I’m not fully convinced on evolution as a definitive explanation for the way some things are. The diagram attempts to illustrate the relationships between early hominins is incomplete. While modern dating tools, like radiocarbon dating, can better place things on the chart. But since the proposed dates are so far back, we still have a lot of guesswork to do in finding relationships between homo sapiens and hominins and their journey to modern day.
The Becoming Human video attempted to make the connections but the claims did not seem completely verifiable. Not every species is connected and we most likely will never find all of the links. Scientists aim to explain where we came from and how we got to where we are today, but the fact is that they can’t explain everything. There are pieces to this puzzle that are missing and may never be found.
This is not to say that scientists haven’t done good research and make interesting theories. The relationships between hominins rely on what tools were used and body shapes. The scientific community points to skeletal similarities that link species to one another as well as the increased use of more complicated tools as time went on. Similarities aren’t a foolproof way of connecting two species and carbon dating aims to be the real proof of these relationships.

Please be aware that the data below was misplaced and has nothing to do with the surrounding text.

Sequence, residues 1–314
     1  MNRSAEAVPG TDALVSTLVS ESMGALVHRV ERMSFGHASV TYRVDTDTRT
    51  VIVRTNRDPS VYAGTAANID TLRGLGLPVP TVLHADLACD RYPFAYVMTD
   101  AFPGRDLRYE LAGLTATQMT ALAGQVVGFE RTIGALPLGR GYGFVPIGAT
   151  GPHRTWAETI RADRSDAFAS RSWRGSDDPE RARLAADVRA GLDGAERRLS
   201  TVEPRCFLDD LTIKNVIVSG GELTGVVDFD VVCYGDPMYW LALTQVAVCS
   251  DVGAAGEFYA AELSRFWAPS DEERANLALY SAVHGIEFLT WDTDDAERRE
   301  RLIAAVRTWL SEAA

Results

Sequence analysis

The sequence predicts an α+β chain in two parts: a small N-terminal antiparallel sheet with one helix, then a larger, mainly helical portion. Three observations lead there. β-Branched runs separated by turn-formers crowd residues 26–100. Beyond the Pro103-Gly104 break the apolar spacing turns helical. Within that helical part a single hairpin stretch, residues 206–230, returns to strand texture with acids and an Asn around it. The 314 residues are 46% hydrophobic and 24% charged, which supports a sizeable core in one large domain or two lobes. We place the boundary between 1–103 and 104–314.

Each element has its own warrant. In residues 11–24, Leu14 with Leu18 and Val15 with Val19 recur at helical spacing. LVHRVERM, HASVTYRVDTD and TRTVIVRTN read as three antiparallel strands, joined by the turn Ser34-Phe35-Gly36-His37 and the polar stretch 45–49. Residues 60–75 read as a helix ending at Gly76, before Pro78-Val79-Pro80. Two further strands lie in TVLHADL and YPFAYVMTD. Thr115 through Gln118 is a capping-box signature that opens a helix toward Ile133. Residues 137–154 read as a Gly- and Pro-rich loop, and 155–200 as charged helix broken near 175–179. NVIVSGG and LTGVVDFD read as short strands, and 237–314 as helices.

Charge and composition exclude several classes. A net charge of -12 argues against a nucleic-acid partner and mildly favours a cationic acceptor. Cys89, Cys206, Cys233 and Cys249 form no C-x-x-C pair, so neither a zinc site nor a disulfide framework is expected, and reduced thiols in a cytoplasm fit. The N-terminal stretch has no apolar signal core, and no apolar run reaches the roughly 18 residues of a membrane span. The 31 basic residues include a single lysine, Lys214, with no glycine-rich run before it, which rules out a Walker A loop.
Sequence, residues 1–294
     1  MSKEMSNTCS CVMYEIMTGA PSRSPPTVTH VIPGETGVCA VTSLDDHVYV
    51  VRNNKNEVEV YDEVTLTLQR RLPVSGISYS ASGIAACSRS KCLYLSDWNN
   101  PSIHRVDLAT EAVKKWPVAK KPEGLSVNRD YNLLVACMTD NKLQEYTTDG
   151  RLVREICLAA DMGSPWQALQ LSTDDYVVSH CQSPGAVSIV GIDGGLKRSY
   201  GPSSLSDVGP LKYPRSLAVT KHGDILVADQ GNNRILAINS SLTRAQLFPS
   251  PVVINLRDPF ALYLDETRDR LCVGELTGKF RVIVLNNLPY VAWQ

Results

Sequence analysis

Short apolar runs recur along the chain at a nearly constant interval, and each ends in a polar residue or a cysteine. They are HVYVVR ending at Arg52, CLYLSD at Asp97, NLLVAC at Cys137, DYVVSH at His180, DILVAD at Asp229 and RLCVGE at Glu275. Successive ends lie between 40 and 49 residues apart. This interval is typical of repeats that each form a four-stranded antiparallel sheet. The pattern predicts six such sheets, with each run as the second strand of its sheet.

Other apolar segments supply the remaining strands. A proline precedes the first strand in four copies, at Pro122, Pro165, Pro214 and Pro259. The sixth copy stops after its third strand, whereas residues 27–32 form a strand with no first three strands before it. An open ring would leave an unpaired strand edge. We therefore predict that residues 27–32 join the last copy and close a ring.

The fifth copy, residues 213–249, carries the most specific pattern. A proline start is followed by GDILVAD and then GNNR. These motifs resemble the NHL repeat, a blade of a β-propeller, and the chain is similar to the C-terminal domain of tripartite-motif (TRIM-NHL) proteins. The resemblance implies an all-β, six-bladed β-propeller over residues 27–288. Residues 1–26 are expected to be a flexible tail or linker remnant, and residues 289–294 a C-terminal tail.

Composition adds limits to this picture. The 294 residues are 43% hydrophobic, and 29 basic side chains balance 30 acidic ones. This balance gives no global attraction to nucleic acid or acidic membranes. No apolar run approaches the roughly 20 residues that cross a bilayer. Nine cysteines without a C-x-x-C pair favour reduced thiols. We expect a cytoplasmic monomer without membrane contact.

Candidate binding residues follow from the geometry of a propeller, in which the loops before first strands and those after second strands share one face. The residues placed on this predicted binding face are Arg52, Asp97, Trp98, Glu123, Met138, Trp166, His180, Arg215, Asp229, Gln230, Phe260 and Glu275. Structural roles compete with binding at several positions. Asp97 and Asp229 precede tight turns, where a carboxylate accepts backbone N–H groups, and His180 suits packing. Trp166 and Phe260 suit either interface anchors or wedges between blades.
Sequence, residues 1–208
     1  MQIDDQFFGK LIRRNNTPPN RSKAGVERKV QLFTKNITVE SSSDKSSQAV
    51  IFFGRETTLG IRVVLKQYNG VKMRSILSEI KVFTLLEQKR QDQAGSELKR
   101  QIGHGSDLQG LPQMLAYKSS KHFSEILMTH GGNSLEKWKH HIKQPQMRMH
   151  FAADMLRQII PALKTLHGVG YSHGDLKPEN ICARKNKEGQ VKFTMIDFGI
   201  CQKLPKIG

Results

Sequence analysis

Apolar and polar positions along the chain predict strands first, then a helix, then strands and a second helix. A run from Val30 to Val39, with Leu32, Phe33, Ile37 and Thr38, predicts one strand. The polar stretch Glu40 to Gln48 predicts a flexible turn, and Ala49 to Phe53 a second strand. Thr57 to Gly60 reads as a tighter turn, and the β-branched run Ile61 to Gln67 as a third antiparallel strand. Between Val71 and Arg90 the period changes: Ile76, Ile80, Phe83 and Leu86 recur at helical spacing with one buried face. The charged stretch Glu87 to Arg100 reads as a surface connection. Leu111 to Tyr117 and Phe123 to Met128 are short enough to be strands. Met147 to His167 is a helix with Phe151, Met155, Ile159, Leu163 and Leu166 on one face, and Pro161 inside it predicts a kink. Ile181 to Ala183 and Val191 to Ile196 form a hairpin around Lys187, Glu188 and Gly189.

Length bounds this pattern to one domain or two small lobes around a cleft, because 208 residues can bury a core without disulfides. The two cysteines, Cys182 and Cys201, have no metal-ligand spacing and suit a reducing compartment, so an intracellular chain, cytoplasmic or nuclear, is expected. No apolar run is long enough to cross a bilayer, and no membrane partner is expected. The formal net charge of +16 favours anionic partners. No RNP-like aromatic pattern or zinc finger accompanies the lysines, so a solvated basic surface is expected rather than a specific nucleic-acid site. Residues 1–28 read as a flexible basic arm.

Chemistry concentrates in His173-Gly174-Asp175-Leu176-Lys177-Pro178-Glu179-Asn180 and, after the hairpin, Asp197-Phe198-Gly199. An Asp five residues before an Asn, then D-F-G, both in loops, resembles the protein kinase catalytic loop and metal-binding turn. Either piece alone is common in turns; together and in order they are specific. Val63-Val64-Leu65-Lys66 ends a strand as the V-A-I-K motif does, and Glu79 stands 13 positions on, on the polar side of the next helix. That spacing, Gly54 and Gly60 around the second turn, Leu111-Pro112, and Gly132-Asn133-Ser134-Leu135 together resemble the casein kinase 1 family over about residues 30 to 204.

So you ask, what is the relationship between homo sapiens and hominins? I say, honestly, I don’t know. Theories have emerged about humans being ancestors of apes, which has now simmered to a common ancestor link. This is one example of a changing theory, which is what science is all about. You guess, you test, and you change as needed. I’m curious to see what changes are coming down the line in this scientific area.
Piltdown man was an embarrassment to anthropologists and archaeologists everywhere. The hoax of the missing link between humans and primates was a major PR setback for the search to find our ancestors. It’s amazing that the story was able to hold on for over 40 years and then easily discredited. This shows a need for scientific objectivity that is both open to the public and tested again and again by scientific peers. Without transparency, we could be invited to believe anything, whether with merit or not.